So there are similarities.

But what about the differences?

Well to be honest, the Evelyn Wood diagram is not a brilliant example of its use – it is merely a suggested template – so it would not be fair to make a like for like comparison.

However having seen some completed examples (that I did not have permission to replicate here) the most striking difference is that there are few if any pictures, little or no colour and longer sentences rather than just key words.

I think the Radial diagram is a rather loose framework within which to organise your thoughts and you can be flexible with the use of colour, whether or not you use images and if you choose keywords or sentences.

This is similar with other forms of visual note taking like bubble diagrams, fishbone diagrams etc which have a fairly loose framework to work within.

And here is probably where Buzan has a rightful claim to being the originator of Mind Mapping because what he has done is formalise a process to create a unique diagram called the Mind Map.

Now this is not for some dogmatic reason to lay claim to a trade mark or intellectual property and so differentiate himself from others (such as Wood).

No, the reason for the guiding principles as defined in The Mind Map Book is that to properly integrate your intellectual process with the way you naturally think in order to maximise your abilities, you need to do certain things in certain ways and these are defined by Buzan’s Mind Mapping Rules.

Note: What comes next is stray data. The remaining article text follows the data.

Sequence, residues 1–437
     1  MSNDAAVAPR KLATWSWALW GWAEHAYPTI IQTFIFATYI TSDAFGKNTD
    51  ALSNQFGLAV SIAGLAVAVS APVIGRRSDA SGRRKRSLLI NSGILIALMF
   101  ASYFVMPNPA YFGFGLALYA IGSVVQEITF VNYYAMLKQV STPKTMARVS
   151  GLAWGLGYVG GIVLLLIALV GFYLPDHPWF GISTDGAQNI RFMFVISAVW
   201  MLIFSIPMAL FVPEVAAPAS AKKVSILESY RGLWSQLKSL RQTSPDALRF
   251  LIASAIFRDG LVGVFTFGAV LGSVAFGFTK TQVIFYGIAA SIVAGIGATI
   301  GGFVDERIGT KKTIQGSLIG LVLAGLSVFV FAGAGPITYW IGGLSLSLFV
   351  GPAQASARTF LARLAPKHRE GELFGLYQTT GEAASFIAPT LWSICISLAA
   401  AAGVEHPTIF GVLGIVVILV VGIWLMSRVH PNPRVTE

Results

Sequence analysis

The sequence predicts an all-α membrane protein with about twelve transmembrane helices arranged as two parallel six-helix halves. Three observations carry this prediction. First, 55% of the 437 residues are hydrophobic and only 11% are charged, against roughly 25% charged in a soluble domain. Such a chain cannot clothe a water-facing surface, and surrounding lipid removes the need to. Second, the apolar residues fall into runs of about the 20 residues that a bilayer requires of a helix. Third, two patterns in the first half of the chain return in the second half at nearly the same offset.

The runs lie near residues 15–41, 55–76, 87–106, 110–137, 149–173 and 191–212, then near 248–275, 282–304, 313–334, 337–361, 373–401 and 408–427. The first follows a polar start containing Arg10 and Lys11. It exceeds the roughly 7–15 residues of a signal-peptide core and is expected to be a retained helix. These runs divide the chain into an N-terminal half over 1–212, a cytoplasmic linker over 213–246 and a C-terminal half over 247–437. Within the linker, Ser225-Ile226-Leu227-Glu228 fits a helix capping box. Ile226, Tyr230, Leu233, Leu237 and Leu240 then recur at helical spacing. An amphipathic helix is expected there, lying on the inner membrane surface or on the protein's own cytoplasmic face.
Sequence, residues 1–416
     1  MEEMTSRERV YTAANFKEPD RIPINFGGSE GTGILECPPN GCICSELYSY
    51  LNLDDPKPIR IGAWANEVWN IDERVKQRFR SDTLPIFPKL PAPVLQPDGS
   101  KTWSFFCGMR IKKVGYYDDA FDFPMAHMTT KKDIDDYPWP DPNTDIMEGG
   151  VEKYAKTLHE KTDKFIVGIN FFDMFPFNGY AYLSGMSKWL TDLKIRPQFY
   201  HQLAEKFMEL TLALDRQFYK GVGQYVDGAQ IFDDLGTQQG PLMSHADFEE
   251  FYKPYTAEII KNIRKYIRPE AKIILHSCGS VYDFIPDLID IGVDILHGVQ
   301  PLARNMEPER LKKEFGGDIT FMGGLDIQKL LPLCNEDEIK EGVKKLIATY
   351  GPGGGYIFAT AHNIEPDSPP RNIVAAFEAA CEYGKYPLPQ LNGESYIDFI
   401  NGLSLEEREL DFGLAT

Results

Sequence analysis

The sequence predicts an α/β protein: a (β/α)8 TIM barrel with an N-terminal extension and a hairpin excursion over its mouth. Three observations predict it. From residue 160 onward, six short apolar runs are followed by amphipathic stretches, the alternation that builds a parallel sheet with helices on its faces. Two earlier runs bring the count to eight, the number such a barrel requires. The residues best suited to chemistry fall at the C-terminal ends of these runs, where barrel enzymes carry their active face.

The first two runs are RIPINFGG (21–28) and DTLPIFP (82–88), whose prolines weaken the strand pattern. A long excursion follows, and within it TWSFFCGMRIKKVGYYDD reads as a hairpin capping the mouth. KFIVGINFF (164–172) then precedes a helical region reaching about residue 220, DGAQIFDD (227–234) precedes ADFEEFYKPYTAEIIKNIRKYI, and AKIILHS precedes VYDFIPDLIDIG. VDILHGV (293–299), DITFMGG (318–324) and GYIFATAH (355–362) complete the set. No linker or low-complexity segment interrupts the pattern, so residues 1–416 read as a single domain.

Interestingly enough Buzan calls them "guiding principles" inferring that you do have an option but it is important to understand these are not arbitrary, but developed through years of trial and error with hundreds of thousands of people.

However the further you deviate from these principles, the less effective this powerful technique is going to be.

And all of this is encompassed in the technique called Mind Mapping….the one invented by Tony Buzan.

So I think that Mr Buzan certainly deserves to be credited with ownership of that title.

Now in the grand scheme of things, it does not really matter whether you use Mind Mapping (though it is highly recommended), take a leaf out of the Evelyn Wood book or try and emulate da Vinci himself.

What matters is that you shift from the conventional linear way of taking notes as taught in schools to one more in tune with the way your brain naturally functions and one that will give you much better intellectual and creative reward.


Comments on this entry are closed.

  • Lee July 9, 2009 at 3:34 pm

    Great Post!

    “What matters is that you shift from the conventional linear way of taking notes as taught in schools to one more in tune with the way your brain naturally functions and one that will give you much better intellectual and creative reward.”

    Hear, hear!

    I made the shift about a year and half ago and it has made all the difference in my productivity, ability to capture (and recapture) information, and in my peace of mind. I am more relaxed and able to be “in the moment” wherever I am.

    As a result of this new state, I’ve also had the ability for more capacity in my life: I am training for a marathon, I have more free time with my wife, and I was asked to head up a major project initiative at work.

    Mindmapping has been a major contributor to a better way of life for me.

    Thanks for sharing this history.

  • Michael Tipper August 15, 2009 at 3:58 pm

    Hi Lee,

    Thanks for your contribution and I am delighted you have seen a productivity increase because you are using Mind Mapping.

    It is amazing how the benefits go far beyond what we expect the first time we get out those coloured pens and start venturing into this amazing technique.

    Good luck with the Marathon – my partner Patricia is a keen runner and has done a few marathons so I know the dedication it takes.